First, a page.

Another great tool for project-based collaboration was recommended to me by a peer, Megan Highsmith. The common Microsoft program called OneNote is already known to be great for organizing many different ideas in one place, but as Megan noted to me, OneNote has developed a tool geared specifically toward a classroom environment, called OneNote for the Classroom. This program offers many different strategies and abilities to teachers for organizing lessons and classroom work, but it also includes a space called the Classroom Notebook, where students can collaborate with each other, engaging in shared thinking and brainstorming, as well as commenting and interacting with each other’s work. (onenoteforteachers.com) This could definitely be an easy-to-implement technology with a lot of opportunity for digital collaboration.
The final area of classroom learning that seems particularly applicable for incorporation of technology is friendly competition-based games and projects. As Mote, et. al (2014) state in their article for the ISTE’s journal, “Two of the biggest and longest-standing hurdles facing educators are integrating technology into the classroom effectively and developing authentic collaboration within the classroom. Online competitions and camps can help meet both of these challenges” (p. 17). Competitive collaboration can be an excellent way to motivate young students and engage them in academic production which they might otherwise be intimidated to pursue. Allowing for competition in the classroom also helps foster positive social skills and strategies for coping with disappointment. One program that has been used to allow for online competition is Scratch, a program which introduces students to coding through tutorials, coding activities, and even video game creation. (Mote, et. al) Of course any technology used to cultivate friendly competition in the classroom should allow for teacher oversight, and should be monitored closely to avoid negative interactions or bullying. However, the benefits from competitive collaboration certainly make it a valuable use of technology in the classroom.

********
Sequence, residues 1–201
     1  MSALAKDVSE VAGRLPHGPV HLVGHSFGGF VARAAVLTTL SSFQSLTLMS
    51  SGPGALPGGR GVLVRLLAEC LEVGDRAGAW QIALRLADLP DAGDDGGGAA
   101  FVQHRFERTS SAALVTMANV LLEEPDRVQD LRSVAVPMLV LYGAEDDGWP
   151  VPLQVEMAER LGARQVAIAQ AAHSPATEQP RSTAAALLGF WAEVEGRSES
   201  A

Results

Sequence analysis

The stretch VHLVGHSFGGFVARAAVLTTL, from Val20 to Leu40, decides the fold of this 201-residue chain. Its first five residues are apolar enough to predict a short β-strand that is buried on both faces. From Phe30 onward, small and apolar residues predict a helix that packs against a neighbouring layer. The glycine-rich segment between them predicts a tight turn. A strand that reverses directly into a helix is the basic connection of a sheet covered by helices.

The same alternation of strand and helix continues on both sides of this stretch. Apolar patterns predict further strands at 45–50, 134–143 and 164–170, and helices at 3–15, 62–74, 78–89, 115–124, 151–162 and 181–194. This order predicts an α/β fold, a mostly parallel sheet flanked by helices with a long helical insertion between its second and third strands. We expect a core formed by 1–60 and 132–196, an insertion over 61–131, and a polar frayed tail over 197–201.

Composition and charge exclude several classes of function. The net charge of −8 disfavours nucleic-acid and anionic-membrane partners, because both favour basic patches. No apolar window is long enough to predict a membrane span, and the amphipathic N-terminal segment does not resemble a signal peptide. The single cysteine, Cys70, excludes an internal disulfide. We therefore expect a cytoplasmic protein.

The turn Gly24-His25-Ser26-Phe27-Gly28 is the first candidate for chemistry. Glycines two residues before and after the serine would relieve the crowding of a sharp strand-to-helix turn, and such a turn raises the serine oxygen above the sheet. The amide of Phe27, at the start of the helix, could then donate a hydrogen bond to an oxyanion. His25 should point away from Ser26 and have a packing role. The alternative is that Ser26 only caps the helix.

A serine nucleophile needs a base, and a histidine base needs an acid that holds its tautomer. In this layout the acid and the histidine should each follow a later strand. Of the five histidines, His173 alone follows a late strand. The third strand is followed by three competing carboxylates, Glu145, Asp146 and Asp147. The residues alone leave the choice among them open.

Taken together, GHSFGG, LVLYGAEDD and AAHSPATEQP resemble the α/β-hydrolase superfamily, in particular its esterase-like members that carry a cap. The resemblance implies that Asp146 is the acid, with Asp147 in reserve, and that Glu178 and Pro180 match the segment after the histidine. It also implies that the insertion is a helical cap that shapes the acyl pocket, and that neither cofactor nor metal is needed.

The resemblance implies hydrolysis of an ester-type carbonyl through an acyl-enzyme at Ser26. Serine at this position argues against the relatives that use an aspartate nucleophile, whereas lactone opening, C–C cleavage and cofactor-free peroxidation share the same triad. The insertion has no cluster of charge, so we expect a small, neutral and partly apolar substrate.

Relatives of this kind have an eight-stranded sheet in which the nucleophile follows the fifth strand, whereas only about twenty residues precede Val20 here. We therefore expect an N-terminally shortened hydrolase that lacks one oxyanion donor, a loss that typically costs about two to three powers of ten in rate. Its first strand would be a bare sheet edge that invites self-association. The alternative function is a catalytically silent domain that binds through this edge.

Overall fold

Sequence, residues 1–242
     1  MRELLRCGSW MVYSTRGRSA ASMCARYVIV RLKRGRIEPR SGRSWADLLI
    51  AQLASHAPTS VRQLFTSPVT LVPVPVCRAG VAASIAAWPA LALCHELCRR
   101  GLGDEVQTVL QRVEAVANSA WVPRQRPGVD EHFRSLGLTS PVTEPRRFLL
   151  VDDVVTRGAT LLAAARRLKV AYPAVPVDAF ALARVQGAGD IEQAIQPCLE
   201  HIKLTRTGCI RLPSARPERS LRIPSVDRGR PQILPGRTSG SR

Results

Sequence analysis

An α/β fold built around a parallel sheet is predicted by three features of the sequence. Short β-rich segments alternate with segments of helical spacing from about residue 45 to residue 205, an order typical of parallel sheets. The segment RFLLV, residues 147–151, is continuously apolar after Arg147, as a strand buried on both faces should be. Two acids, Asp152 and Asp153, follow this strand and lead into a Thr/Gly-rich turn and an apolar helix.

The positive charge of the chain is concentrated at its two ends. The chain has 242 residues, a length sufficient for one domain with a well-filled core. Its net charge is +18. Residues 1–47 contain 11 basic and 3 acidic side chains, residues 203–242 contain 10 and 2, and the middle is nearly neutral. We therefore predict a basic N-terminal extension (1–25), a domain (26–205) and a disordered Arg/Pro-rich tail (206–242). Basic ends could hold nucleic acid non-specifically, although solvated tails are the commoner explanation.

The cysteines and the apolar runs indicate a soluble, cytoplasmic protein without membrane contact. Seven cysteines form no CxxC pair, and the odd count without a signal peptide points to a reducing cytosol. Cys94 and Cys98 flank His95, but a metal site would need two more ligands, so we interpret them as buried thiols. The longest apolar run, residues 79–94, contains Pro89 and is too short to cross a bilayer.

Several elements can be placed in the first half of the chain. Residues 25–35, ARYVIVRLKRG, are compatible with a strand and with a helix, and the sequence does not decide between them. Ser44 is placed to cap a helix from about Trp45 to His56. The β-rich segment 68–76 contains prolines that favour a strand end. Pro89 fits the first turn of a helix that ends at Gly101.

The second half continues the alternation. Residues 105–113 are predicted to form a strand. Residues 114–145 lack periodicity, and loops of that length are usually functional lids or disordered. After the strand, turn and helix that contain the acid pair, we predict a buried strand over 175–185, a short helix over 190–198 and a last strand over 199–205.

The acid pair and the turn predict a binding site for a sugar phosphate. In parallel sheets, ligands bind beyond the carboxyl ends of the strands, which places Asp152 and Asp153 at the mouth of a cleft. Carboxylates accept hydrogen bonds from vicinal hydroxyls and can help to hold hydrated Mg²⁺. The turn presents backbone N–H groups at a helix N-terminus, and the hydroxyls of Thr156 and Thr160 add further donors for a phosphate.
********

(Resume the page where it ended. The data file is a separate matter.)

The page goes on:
Although I am intimidated to incorporate technology into my instruction, I certainly recognize the value that it will add to many of the strategies that I already plan to rely on, such as group collaboration. Students of the 21st century not only must learn to collaborate digitally, but they will inevitably be more motivated and excited to engage in digital-based learning and production as well.
Basecamp. (2016) Basecamp. retrieved from https://basecamp.com
Kidblog. (2016) Kidblog: Safe and Simple Blogs for Your Students. retrieved from http://kidblog.org/home/
Microsoft. (2015) OneNote for teachers. retrieved from http://onenoteforteachers.com
Mote, C. W., Kafai, Y., Burke, Q. (2014) Epic Win: Inspire Engagement through Online Competitions and Collaborations. Learning & Leading with Technology. 16-21.
TechnologyAdvice. (2014) Basecamp Project Management Review. YouTube. retrieved from https://www.youtube.com/watch?v=fGf6tI5XU_E
Zoch, M., Langston-DeMott, B., Adams-Budde, M. (2014) Creating Digital Authors. Kappan. 96(3) 32-37.